"What's wrong?" my aunt asked. "I hear something in your voice."
Balancing the phone on my shoulder and dinner on my pregnant belly, I told her how I had shopped all day for a diaper-changing table, only to discover that my husband, Dan, refused to buy one.
After my rant about how wrong Dan was and how mistreated I felt, she interrupted.
"Buy one anyway."
I laughed, and we spent the rest of our phone call feeling sorry for me.
I forgot about that conversation until months later when my aunt visited. She walked in as I was kneeling on the floor, diapering the baby. My aunt frowned and began freely airing her concerns about my marriage.
"It's not just this changing table situation that worries me," she said. "Dan is controlling. I don't like the way he tells you what to do."
That's when I realized the damage I had done by so carelessly venting my frustration.
I tried to correct her misconceptions by explaining how I respected Dan's leadership and wisdom. Dan didn't mean to override my input as a mom or make my life harder, I said. He simply thought we could put our money to better use. Actually, once the baby arrived, I found I didn't need or want a changing table.
Regrettably, our talk did not change my aunt's perception of Dan. Even after my 14 years of marriage, my aunt still encourages me to hide things from him and make decisions without asking his opinion.
I'm thankful this incident happened early in my marriage because it showed me the importance of guarding what I say about my husband.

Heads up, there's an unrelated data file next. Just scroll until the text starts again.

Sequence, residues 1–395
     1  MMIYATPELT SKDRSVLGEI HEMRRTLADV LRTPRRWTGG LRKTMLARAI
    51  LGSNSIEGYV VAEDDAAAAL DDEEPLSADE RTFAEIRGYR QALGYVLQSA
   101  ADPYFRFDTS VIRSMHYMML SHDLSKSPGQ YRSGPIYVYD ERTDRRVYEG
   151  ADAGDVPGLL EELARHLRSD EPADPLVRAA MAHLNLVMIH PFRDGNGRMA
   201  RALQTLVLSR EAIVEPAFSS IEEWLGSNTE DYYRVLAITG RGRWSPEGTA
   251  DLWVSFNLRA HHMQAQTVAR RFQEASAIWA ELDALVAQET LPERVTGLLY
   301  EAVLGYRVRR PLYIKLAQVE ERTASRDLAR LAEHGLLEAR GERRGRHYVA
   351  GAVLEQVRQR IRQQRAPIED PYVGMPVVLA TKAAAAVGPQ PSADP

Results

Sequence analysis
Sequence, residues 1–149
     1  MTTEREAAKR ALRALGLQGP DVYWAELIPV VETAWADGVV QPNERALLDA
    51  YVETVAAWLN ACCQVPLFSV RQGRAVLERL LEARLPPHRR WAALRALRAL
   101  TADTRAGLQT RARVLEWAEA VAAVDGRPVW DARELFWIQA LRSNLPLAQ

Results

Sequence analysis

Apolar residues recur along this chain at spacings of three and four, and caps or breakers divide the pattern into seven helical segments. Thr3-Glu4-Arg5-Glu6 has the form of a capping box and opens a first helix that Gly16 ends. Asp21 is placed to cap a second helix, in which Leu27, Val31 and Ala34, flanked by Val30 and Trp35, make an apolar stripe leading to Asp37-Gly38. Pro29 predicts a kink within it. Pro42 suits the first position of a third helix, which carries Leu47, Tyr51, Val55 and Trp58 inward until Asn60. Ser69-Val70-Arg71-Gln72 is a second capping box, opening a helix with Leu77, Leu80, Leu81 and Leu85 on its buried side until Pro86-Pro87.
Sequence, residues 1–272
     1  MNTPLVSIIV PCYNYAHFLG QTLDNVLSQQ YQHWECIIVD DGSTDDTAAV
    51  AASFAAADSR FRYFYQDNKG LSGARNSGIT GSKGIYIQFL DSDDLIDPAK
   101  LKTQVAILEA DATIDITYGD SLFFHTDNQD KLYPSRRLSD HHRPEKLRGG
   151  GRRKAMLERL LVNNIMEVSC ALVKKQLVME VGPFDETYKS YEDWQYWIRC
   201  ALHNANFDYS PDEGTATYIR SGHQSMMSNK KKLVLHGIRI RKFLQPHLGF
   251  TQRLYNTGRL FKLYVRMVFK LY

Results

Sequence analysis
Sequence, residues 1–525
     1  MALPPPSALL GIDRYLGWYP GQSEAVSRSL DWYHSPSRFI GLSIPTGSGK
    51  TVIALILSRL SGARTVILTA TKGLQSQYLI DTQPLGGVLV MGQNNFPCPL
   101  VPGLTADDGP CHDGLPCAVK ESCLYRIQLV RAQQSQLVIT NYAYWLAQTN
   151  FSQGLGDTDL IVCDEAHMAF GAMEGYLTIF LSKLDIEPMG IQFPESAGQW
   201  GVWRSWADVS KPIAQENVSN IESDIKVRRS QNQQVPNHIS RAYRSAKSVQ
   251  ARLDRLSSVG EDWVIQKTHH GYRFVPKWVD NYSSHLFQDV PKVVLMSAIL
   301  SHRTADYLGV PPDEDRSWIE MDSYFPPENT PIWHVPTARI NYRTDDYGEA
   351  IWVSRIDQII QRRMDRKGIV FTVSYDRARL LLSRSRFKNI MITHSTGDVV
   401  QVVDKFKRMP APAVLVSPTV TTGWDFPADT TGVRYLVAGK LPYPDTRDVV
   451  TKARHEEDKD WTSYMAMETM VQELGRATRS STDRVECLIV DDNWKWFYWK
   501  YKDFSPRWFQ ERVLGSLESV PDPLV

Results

When I'm tempted to complain or ask for advice, it helps to remember how hurt I'd be if the situation were reversed and Dan's family disapproved of me. Now, I pick my words carefully, and when I have an opportunity to brag about Dan, I do. I hope eventually my aunt will understand that Dan and I are a team, and when we do disagree, it's my choice to trust him.
How to Know if I'm Badmouthing My Spouse
Before sharing details about my marriage, I ask myself the following questions to check whether I'm badmouthing my spouse:
1. Would I want someone to say this same thing about me to someone I want to impress?
2. Does this person see my spouse and me interact often enough to realize that part of the problem is my fault?
3. If my spouse were standing beside me, would I still say these same words?
This article first appeared in the August/September 2011 issue of Thriving Family magazine and was originally titled "Venting in All the Wrong Places." Copyright © 2011 by Leah Clancy. Used by permission. ThrivingFamily.com.
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